IN THE GARDEN OF MY MIND

>Words - Karla O'Connor Photos - Karla O'Connor and J Forsyth

In The Garden Of My Mind is showing at Chapel Off Chapel, 12 Little Chapel Street, Prahran

I was on a tram in Melbourne recently where I was faced with an awkward situation. The lady sitting across from me was put in the uncomfortable position of having a man with mental illness sit right next to her. That poor lady! And the way she handled it was really a testament to the bourgeoisie attitude she exuded. This woman, in her mid forties continued to snigger, roll her eyes and look completely disgusted at the man next to her as he just sat, trying to get from point A to B. The women pretended to keep reading her book, Weathering Heights (I know, right?), all the while looking over her glasses at me, searching for someone to show solidarity towards her and her mockery of the man. I ignored her. I was angry with her, but I ignored her.

Sure, the man was dressed in ratty clothes and had an uncontrollable twitch, but I’ve seen far less attractive visions of the human race walking down King Street early on a Sunday morning. But this man wasn’t doing any harm to anyone; just getting from A to B, just like the rest of us, just like the woman he was sitting next to. The only difference was; he wasn’t casting judgment on anyone else. When the man got off the tram the woman was relieved. She let out a deep breath, smiled and looked up at me. I still ignored her, but I wish I had of told her to grow up. I chicken out and I regret it.

Because of the obvious prejudice that woman afforded the man and my absolute dissent towards her, I have to say I felt a little guilty when I walked up to the mezzanine level at Chapel off Chapel to check out ‘In The Garden Of My Mind,’ an exhibition put on by Prahran Mission, which presents the works of over 60 artists who have mental illness and recognise the valuable role art plays in their recovery journey. My guilt came with the fact I was surprised at how bright and colourful many of the artworks are. I had to ask myself why I thought they would be dark? Why should they be dark?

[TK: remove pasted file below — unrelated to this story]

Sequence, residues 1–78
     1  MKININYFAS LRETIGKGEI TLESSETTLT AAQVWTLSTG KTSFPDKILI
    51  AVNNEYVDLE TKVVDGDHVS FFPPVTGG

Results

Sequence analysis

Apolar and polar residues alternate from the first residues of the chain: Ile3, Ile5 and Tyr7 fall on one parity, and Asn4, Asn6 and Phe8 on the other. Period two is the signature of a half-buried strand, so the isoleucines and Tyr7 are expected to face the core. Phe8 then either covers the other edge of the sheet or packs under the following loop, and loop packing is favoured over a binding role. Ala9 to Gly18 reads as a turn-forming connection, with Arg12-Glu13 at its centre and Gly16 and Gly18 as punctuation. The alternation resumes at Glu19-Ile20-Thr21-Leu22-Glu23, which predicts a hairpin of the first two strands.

There is such a diverse mix of art being shown, using an array of different media. From mosaics, pottery, life drawings and china painting, among many others, what I found most significant was the artists’ attempts at linking the creative process to the spiritual realm, and even more so that this – I felt deeply connected to much of the works. My favourite piece is probably the darkest of all on display. It’s a self-portrait titled “Moods,” which is a group of six pictures done with black marker on pad paper that were done in one sitting during the night when the artist, David Carroll, couldn’t sleep. He calls it a ‘compilation of moods. An expression of his fractured self.’ I want to share with you the poem he wrote that goes with the collection.

I’ve got a mixed up mind, It says to me, I can and I should. It’s such a mixed up mind it says to me, If I do should I? The thoughts and feeling of not knowing which way to go. I could turn left, I say to myself. My mixed up mind it says to me, I could turn right I say to myself. Whichever way I choose, it must be the choice “I make” for my mixed up mind. My mind is only mine to mix.

It’s true these artists might be struggling, but aren’t we all? Don’t we all feel as though our minds are a little mixed up and sometimes we don’t know which direction to turn? I bet the woman on the tram even feels this way sometimes. ‘In The Garden Of My Mind’ is an exhibition about people and art. It validates the importance of creativity in the recovery process from a diagnosis of a mental illness and helps build self-confidence, creates social networks and the rediscovery of the joyful side of life.

I urge you to take a visit, and do it quickly as the exhibition ends on Sunday the 28th Oct. I also urge you to reflect on the way you think about people with mental illness. That’s what I’ve been doing and the funny thing I’ve realised is that I don’t know how many people I know that have a diagnosed mental illness, but what I do know for sure is that I don’t know one single person that is ‘normal.’ And maybe that’s what we should think about before we discriminate against someone else that acts a little different to ourselves.

In The Garden Of My Mind is showing at Chapel Off Chapel 12 Little Chapel Street, Prahran Free Entry Closed Sunday 28th October